After creating the rapport, the next step is to make sure that the two parties discuss the issues at hand objectively. The parties here will boil down to the issue that is being talked about, which is about the deaths within the police cells and correctional facilities. The issues that are to be tackled here include the fears of what might hinder the attainment of any solution to the conflict. Both sides will consider every side’s story, and should loosen on their stand if any results are to be achieved. Finally, the recommendations that were generated from each side on the second step are acted upon, with accountability on each side. These recommendations will be easy to implement, because they came from the two parties themselves (Cheldelin, 2003). It is recommended that the parties look for a third party to hold them accountable, which means that they will be held to their word. This is always good for both parties, because knowing that there is a third party, they will stay true to their word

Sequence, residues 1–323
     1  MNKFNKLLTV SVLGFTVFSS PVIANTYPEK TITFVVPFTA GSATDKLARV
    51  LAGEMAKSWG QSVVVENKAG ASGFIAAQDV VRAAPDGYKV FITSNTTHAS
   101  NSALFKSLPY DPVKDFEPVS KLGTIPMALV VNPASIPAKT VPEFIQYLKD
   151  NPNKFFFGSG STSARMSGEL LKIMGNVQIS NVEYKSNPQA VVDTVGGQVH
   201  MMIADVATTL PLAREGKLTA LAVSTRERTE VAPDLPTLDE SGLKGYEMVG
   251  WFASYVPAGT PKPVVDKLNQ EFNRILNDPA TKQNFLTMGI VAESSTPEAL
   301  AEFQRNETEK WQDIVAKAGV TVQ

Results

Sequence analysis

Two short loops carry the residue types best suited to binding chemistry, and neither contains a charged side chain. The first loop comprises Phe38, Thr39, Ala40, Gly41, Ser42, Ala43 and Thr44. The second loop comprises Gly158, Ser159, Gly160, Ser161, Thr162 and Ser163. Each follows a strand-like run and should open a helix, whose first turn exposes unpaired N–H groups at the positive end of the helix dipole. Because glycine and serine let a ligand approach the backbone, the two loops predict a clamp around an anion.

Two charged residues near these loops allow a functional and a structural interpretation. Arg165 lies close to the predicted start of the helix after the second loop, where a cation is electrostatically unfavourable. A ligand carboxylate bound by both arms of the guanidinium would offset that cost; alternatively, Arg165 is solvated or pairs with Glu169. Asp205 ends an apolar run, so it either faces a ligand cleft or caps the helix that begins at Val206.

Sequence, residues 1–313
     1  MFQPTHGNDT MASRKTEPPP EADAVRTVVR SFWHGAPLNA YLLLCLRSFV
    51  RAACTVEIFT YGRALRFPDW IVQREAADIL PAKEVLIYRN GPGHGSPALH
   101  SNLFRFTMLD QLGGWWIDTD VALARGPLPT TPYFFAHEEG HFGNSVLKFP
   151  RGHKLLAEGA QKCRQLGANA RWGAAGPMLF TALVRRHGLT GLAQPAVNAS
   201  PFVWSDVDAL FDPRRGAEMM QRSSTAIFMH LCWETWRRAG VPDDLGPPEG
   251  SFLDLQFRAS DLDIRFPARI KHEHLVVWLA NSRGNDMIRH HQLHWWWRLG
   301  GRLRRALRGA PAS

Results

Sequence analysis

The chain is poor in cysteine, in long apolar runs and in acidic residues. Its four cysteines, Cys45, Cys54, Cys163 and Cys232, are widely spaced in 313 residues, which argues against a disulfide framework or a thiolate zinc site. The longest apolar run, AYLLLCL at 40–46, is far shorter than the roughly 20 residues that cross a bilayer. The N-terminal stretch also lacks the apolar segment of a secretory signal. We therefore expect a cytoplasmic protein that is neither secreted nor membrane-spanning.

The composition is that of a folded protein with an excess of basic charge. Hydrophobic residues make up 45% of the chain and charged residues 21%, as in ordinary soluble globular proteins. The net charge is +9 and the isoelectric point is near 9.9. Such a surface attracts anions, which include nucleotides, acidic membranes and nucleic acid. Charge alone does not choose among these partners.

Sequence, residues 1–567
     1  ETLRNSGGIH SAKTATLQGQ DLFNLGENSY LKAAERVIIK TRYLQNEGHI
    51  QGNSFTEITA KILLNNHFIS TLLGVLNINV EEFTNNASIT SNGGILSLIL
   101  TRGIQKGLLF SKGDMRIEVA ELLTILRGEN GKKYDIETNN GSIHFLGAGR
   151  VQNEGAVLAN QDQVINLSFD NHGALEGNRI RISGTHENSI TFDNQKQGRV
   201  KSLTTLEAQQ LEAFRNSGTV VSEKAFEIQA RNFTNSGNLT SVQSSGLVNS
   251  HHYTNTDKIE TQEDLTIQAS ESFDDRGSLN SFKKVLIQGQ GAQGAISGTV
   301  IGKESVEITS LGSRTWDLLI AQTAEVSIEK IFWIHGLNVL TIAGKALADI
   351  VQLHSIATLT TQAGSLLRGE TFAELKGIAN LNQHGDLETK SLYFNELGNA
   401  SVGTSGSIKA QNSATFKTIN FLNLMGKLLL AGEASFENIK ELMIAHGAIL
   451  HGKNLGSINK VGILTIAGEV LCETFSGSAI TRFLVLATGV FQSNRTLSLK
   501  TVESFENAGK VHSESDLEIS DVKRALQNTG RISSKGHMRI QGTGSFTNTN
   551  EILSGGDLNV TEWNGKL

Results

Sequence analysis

This is the approach that would be best suited to resolve such a conflict, owing to the nature of the conflict and the parties involved. When determining the approach to be used, one ought to consider the nature and dynamics of the conflict, as well as the parties involved.
Brambila, N. (2014, October 18). Dying behind Bars: Conflicting Opinion on Inmate’s
Death, Part of Larger Problem, Advocates Say. Retrieved June 7, 2015, from http://lubbockonline.com/filed-online/2014-10-18/dying-behind-bars-conflicting-opinion-inmates-death-part-larger-problem
Coltri, L. (2004). Conflict diagnosis and alternative dispute resolution (2nd ed.). Upper Saddle
River, N.J.: Prentice Hall.
Cheldelin, S. (2003). Conflict: From analysis to intervention. London: Continuum.